NBA lockout: Negotiations defy logic
The NBA owners and players union met for just over 30 hours in three consecutive days, yet still couldn't make enough progress to further talks.
The disagreements over basketball-related income and system issues appear so divided that even federal mediator George Cohen said in a statement that "no useful purpose would be served by requesting the parties to continue the mediation process at this time."
The distrust between both sides seems so rampant that NBA and the union continue to dispute what actually even happened at the negotiating table. Deputy commissioner Adam Silver and Spurs owner Peter Holt claim the players broke off talks because they wouldn't budge from their concession at 52.5% and rejected a 50/50 split. Union executive director David Hunter and president Derek Fisher charged the owners with lying, with Hunter saying they accepted a sliding scale of 50 to 53%, but the owners wouldn't budge from their 50/50 proposal.
Forget about who's right or who's wrong. Forget about the small progress they made, with Yahoo Sports' Adrian Wojnarowski reporting both sides are nearing a compromise on the annual midlevel exception starting at $5 million with annual raises over three years. Forget about the fiery rhetoric still running rampant. Simply think about the logic.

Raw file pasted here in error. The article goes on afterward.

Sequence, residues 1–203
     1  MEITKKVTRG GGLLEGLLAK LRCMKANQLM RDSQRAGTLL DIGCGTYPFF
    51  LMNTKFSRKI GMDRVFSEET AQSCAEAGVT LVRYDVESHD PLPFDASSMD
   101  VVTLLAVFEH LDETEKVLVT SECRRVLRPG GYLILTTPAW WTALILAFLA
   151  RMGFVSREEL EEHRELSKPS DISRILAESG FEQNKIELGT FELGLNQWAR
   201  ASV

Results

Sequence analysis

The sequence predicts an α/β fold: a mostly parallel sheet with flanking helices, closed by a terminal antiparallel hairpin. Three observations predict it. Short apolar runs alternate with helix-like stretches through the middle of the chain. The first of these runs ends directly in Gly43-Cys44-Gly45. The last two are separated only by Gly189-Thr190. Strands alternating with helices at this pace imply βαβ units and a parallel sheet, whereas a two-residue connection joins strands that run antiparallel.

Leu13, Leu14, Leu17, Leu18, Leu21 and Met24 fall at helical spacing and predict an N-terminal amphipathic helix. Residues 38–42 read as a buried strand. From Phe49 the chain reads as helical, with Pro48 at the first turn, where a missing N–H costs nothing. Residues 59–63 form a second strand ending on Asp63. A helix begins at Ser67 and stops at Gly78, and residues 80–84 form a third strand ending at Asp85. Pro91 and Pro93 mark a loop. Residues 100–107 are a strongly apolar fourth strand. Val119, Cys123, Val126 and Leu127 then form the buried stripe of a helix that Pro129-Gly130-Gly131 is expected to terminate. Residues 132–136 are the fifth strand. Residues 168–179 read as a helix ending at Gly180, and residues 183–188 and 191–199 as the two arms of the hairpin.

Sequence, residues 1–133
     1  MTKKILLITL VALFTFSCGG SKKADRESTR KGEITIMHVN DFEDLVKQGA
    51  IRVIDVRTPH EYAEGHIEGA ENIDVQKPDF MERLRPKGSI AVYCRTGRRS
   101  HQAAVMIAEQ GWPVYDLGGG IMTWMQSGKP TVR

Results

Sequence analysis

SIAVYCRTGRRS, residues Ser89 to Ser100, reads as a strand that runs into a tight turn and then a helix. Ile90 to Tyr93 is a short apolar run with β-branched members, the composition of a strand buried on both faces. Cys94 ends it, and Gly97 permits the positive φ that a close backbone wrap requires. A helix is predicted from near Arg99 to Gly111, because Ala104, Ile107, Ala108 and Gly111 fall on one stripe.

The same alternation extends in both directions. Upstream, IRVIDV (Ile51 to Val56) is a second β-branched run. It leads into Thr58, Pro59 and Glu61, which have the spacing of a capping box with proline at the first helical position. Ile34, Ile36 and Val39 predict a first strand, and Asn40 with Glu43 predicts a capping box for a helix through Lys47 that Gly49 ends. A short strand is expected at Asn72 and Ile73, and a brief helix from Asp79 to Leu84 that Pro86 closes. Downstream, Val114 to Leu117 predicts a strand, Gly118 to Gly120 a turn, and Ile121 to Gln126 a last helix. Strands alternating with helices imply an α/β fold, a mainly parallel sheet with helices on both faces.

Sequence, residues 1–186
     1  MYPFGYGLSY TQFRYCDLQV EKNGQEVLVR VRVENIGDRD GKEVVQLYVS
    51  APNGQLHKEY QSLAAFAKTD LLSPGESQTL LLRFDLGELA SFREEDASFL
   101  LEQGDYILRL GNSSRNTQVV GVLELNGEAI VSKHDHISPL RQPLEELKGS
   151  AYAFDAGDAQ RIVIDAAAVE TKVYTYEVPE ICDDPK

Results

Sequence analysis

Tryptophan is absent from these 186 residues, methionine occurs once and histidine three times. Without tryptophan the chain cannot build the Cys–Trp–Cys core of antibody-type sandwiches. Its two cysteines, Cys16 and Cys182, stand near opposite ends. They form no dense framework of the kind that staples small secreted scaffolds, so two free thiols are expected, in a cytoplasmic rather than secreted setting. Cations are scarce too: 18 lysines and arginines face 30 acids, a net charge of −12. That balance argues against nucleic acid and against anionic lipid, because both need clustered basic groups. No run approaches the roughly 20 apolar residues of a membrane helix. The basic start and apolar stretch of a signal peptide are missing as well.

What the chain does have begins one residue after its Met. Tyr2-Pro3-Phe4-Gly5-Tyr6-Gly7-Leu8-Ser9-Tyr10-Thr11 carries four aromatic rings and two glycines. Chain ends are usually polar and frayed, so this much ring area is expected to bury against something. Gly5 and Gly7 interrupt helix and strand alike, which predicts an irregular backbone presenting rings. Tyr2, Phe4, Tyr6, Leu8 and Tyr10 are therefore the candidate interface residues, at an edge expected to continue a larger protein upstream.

Why would both sides risk the game's popularity just to maxmize their bottom line? Why would the players be willing to lose $160 million in salary for every two weeks of lost games when they have little leverage? Why would the owners refuse to budge on the BRI (52.5% to 50% is a $100-million loss as calculated by CBS Sports' Ken Berger) when every two weeks of canceled games bring a loss of $800 million?
Oh, the owners say they want competitive balance and the players say they've conceded enough. The players maintain they drive the league and have made the financial sacrifices to absorb a lost season if necessary. And Silver pointed out that they're negotiating a 10-year deal. But by doing all this hypothetical numbers crunching, it becomes clearer and clearer that even a changed system may not necessarily absorb all the lost momentum in popularity the league's bound to suffer.
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Photo credit: Henry Ray Abrams / Associated Press